## What you need to know

**Division**

The two division methods we will see are **long division** and **short division**. Using short division enables you to then understand how long division and the bus stop method works.

**Example: **Use long and short division to work out 288 \div 9.

For **long division**, draw a rotated L-shape with the number we’re dividing (the **dividend**) on the inside, and the number we’re dividing by (the **divisor**) on the outside.

Now, see how many times the divisor, 9, goes into the first digit of the dividend, 2. 9 goes into 2 zero times, so we write a zero on top of the line above the 2. Then, we multiply this value by the divisor, 9\times 0=0, and write the answer below the two (see: left).

Next, we subtract the number below the 2 (zero) from 2 and write the answer underneath the zero. After that, we move onto the second digit of the dividend, 8, and bring it down to sit next to the result of this subtraction (see: right).

We’ve now seen all the steps involved, we just have to repeat them as many times as necessary until the division is complete. So, now we ask how many times our divisor, 9, goes into 28. The answer is 3, so we write a 3 above the top grey line, in line with the second digit of the dividend. Next, we multiply this 3 by the divisor to get 27 and write the 27 underneath 28. Next up, we subtract 27 from 28 to get 1, write the 1 underneath, bring the next digit of the dividend down and repeat this whole process. Once your divisor has 3 digits, then you just have to one final subtraction to determine the remainder. As you’ll see on the left, this gives us the answer: 288 \div 9 = 32 with no remainder.

For **short division**, we begin with exactly the same setup. From there, we ask how many times 9 goes into 2 and write the answer, zero, above the line, as before. Then, we write the remainder of this division, 2, in the gap just before the next digit of the dividend (see: right). Then, we ask how many times the divisor goes into the number formed by that remainder and the next digit, which here is 28. So, 9 goes into 28 three times with a remainder of 1, meaning we write a 3 above the line and a 1 in the gap before the third digit of the dividend. This process is exactly the same and repeats until we get to the end of the number (see: left).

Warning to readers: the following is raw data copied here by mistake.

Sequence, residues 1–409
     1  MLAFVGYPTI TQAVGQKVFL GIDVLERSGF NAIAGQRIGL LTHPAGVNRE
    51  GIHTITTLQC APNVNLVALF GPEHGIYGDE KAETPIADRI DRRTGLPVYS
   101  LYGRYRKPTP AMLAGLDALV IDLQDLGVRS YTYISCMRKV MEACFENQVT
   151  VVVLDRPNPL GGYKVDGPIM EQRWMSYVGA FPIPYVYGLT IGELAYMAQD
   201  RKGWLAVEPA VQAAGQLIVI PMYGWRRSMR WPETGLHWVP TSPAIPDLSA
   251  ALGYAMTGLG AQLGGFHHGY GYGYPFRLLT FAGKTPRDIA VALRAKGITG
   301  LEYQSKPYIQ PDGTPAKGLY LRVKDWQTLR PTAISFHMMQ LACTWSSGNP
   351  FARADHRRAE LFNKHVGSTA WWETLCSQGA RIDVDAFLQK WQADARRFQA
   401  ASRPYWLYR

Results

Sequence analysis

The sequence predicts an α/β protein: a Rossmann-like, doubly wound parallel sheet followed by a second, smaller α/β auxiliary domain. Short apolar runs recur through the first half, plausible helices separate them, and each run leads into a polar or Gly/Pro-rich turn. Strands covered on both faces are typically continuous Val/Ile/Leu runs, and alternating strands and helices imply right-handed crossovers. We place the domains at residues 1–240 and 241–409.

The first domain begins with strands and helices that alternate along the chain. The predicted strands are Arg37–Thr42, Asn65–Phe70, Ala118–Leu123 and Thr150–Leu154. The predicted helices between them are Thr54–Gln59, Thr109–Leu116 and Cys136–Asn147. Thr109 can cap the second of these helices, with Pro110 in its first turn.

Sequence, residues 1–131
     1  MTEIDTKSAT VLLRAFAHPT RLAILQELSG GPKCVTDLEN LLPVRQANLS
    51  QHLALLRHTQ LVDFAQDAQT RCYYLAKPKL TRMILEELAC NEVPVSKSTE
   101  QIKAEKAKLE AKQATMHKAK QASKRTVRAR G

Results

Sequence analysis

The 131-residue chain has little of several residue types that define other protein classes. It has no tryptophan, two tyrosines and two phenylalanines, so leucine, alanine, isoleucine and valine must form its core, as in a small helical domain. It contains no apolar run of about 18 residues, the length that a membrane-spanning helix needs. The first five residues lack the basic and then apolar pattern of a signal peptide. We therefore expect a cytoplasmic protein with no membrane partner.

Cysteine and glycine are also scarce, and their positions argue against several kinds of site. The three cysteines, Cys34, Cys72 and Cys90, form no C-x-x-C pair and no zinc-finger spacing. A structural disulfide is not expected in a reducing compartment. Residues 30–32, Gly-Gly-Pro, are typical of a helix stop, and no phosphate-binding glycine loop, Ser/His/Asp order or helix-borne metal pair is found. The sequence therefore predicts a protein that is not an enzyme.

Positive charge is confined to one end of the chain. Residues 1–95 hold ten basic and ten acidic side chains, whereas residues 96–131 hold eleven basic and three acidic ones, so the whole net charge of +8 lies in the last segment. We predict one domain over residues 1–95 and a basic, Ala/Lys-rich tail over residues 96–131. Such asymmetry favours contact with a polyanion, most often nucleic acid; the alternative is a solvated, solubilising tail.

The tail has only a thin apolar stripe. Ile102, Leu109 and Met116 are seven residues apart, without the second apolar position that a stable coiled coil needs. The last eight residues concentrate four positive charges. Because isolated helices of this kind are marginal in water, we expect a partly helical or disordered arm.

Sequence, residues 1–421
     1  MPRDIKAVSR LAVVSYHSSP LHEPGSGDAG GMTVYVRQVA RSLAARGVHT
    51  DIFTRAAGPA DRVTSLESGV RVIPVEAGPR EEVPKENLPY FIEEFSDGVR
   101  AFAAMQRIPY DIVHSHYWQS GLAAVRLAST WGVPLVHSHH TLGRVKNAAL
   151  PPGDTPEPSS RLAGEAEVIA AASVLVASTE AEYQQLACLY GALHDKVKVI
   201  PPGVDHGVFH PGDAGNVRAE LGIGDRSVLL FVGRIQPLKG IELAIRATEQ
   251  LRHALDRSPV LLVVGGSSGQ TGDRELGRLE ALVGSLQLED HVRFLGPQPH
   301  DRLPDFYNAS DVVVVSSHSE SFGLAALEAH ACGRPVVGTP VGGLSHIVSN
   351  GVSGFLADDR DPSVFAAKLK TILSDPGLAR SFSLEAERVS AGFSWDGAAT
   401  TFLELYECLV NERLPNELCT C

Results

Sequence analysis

If the divisor doesn’t fit perfectly into the divided, you can either stop once you get to the end and take the final remainder to be the remainder of the whole division, or you can put in a decimal point and keep going until you’re satisfied with how many decimal points you have.

As with multiplication, try both these methods and see which one is better for you.

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### Example Questions

1) Work out 315 \div 14.

Here we’re going to use the short division method, but the long division method is completely fine too (as long as you get the answer right). So, we draw our sideways L-shape with 315 on the inside and 14 on the outside.

14 goes into 3 zero times, so we write a zero above the line and a small 3 – the remainder – in between the 3 and the 1 from 315. Then, we see how many times 14 goes into 31, writing the result above the line and the remainder just before the next digit of the dividend. Repeat this process until you get the complete answer, which looks like

If you stopped at the decimal point and wrote the answer “22 remainder 7”, then this is correct for this question, but you should practice finding the whole answer, even when decimals are involved.

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2) Calculate 225 \div 15

Using the same method as question 1 we get.

Answer = 15

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### Worksheets and Exam Questions

### Videos

#### Multiplying and Dividing Q1

GCSE MATHS### Other worksheets

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